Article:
What is HIPAA Compliance?
The Health Insurance Portability and Accountability Act of 1996 was first created to safeguard a patient’s private health information (termed Protected Health Information, PHI). It lays out industry-wide mandates regarding the distribution of a patient’s data, stipulating that whenever data is shared, the minimum amount of information must be transferred.
Healthcare professionals and business associates alike usually receive extensive training in HIPAA compliance. This is, in part, due to the vague wording of HIPAA. The intention of this was to ensure that HIPAA protected PHI under a variety of situations, covered entities (CEs) and business associates.
Covered Entities and Business Associates
Covered entities include healthcare providers, health plan or related that creates, maintains or transmits PHI. Generally, employers are not CEs, though they do often have records of an employee’s health information. However, if they provide benefits such as the Employee Assistance Program (EAP), they are considered “hybrid entities” and thus must be HIPAA-compliant.
In the case of hospitals, the hospital itself is the CE, and its employed healthcare providers are covered by the hospital. Thus, the hospital is charged with implementing and enforcing HIPAA.
If a third party provides a service to a CE that involves access to the PHI held by that CE they are then considered “business associates”. These may include IT contractors, lawyers, accountants etc. For full HIPAA compliance, the associate must sign a Business Associate Agreement with the CE that stipulates how and when the PHI will be accessed, used and processed after use. So long as the associate has possession of the PHI, it must be HIPAA-compliant.
The primary condition for HIPAA compliancy is that the CE or business associate instills the maximal technical, physical and administrative safeguards to protect PHI. This is stipulated in the HIPAA Privacy Rule. If the parties fail to maintain the integrity of the PHI, they must comply to the HIPAA Breach Notification Rule.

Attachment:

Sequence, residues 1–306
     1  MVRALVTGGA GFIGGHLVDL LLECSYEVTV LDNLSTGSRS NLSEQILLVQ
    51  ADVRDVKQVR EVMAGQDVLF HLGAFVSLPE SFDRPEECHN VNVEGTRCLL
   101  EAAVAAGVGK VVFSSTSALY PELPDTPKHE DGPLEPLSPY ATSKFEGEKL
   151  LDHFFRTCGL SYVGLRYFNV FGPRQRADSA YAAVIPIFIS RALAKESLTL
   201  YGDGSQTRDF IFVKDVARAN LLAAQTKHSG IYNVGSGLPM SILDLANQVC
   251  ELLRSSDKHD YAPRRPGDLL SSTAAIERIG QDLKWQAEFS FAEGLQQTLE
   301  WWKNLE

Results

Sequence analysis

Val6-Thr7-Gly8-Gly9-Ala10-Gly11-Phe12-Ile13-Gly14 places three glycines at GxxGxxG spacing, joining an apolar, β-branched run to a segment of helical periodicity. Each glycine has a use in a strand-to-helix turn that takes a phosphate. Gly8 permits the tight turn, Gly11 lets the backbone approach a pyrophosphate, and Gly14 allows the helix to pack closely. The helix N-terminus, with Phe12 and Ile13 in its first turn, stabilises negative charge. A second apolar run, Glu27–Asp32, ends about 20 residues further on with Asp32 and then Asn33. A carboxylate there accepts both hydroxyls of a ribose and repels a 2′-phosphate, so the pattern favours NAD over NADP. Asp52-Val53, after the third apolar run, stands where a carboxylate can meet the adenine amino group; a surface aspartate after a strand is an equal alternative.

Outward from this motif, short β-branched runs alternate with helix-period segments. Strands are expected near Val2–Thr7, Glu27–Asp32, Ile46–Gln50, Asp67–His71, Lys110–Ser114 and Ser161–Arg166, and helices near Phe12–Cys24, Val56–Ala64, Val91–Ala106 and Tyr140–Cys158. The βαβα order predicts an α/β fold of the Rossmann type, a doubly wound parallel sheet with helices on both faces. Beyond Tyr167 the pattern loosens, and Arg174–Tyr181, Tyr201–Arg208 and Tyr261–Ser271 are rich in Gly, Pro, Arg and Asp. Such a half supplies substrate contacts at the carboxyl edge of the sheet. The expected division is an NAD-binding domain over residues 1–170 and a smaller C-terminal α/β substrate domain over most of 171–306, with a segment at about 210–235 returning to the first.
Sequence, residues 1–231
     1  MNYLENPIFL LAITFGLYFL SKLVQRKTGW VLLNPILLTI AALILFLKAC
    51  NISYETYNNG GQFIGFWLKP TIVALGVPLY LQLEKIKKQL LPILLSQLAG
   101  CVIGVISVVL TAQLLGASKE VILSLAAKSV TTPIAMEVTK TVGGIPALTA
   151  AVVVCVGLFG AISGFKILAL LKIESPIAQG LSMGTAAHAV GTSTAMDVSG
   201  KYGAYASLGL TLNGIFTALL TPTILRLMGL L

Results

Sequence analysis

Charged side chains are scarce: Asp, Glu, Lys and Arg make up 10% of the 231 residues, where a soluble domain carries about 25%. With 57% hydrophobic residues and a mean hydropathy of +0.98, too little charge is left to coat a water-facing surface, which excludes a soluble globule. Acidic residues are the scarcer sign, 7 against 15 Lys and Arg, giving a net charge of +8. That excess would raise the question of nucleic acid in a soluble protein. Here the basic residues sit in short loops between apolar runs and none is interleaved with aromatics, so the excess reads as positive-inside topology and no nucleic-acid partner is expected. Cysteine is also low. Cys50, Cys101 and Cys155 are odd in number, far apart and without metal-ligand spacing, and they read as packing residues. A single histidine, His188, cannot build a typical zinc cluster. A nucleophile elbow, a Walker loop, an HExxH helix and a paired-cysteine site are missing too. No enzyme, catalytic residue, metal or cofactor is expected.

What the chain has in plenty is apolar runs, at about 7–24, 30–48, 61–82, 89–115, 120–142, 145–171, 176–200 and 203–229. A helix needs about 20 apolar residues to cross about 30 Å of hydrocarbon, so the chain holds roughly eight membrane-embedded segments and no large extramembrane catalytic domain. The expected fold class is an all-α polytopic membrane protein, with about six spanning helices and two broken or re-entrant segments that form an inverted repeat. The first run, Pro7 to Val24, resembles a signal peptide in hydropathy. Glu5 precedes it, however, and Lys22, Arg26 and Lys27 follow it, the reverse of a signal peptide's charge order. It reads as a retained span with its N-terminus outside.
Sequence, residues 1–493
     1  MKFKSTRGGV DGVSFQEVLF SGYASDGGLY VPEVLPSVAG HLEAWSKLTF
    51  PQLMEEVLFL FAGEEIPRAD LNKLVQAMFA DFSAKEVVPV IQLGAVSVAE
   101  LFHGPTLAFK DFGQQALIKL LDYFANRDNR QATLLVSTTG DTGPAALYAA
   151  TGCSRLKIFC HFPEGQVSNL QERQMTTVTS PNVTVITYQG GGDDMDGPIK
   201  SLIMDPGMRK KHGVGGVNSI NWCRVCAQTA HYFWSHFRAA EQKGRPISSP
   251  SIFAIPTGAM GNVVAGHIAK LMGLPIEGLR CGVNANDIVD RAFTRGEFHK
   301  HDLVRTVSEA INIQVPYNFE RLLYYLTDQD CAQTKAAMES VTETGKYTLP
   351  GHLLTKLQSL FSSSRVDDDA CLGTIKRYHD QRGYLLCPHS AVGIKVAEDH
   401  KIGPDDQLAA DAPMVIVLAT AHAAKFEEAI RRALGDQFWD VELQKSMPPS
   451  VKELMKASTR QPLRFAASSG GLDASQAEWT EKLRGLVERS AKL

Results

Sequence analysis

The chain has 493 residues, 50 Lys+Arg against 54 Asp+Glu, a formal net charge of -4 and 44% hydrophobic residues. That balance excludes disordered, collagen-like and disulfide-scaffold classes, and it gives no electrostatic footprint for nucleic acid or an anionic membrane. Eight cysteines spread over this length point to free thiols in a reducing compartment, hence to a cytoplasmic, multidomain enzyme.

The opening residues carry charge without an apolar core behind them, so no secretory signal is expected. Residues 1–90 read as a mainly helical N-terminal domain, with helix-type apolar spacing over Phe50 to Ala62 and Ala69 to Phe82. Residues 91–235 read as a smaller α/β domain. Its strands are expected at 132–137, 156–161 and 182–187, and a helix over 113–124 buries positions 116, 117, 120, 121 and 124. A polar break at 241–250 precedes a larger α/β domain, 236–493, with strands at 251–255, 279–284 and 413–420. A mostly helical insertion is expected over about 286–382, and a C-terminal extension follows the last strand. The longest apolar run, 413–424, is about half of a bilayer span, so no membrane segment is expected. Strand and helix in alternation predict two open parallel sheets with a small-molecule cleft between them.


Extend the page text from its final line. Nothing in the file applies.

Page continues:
HIPAA Privacy Rule: The Privacy Rule dictates how and when PHI can be disclosed. Originally, it took force in 2003 and applies to all healthcare organisations, clearing houses and those that provide health plans. Since 2013, it has been extended to include business associates.
The rule sets limits regarding the use and disclosure of patient information when no prior authorization has been given by the patient. Under this rule, patients and their representatives have the right to obtain a copy of their health records and request changes if necessary. CEs must respond to patient requests within 30 days. A Notice of Privacy Practices (NPPs) must also be given to a patient if their data is to be used.
HIPAA Security Rule: The Security Rule stipulates the standards to safeguard ePHI. Anybody that can read, write, edit or transfer the ePHI or personal identifiers must follow these standards. The primary technical safeguard encryption to NIST standards once the data goes outside the company’s firewall. However, other appropriate measures include the introduction of audit controls for anyone who accesses the data and automatic logoff from a system.
Physical safeguards may relate to how workstations are set up (e.g. screens cannot be seen from a public area) or maintaining a thorough inventory of hardware. Administrative safeguards unite the Privacy Rule and the Security Rule. It requires a Security Officer and Privacy Officer to oversee procedures and conduct regular risk assessments. These assessments aim to identify any ways in which HIPAA-compliance could be breached and build a risk management policy off the back of this.
Breach Notification Rule: If the integrity of the PHI has been breached, the CEs must notify the patients and the Department of Health and Human Services. This must be within 60 days of the discovery of the breach. The media must also be informed if more than 500 patients are affected. If there are fewer patients affected, a report on the OCR website is published.
Omnibus Rule: A later addition, the Omnibus Rule addresses areas that were previously omitted in HIPAA legislation. It tiered civil penalties as per the Health Information Technology for Economic and Clinical Health (HITECH) Act, changed the harm threshold and banned the use of ePHI for marketing, amongst other things.
The charges of business associates were also amended by the Omnibus Rule. Business associates must now update their Associate Agreements, change privacy policies to be HIPAA-compliant and train staff in privacy protocol.
Enforcement Rule: Should a breach of PHI occur, the Enforcement Rule lays out how any subsequent investigations into the breach will be conducted. Fines are then levied based on the level of negligence. For example, if it is determined that HIPAA was violated due to ignorance, a fine of up to $50,000 can still be levied against the negligent party. If the violation was because of willful neglect and not rectified within 30 days, a fine of $50,000 may be charged. Victims may also file civil lawsuits.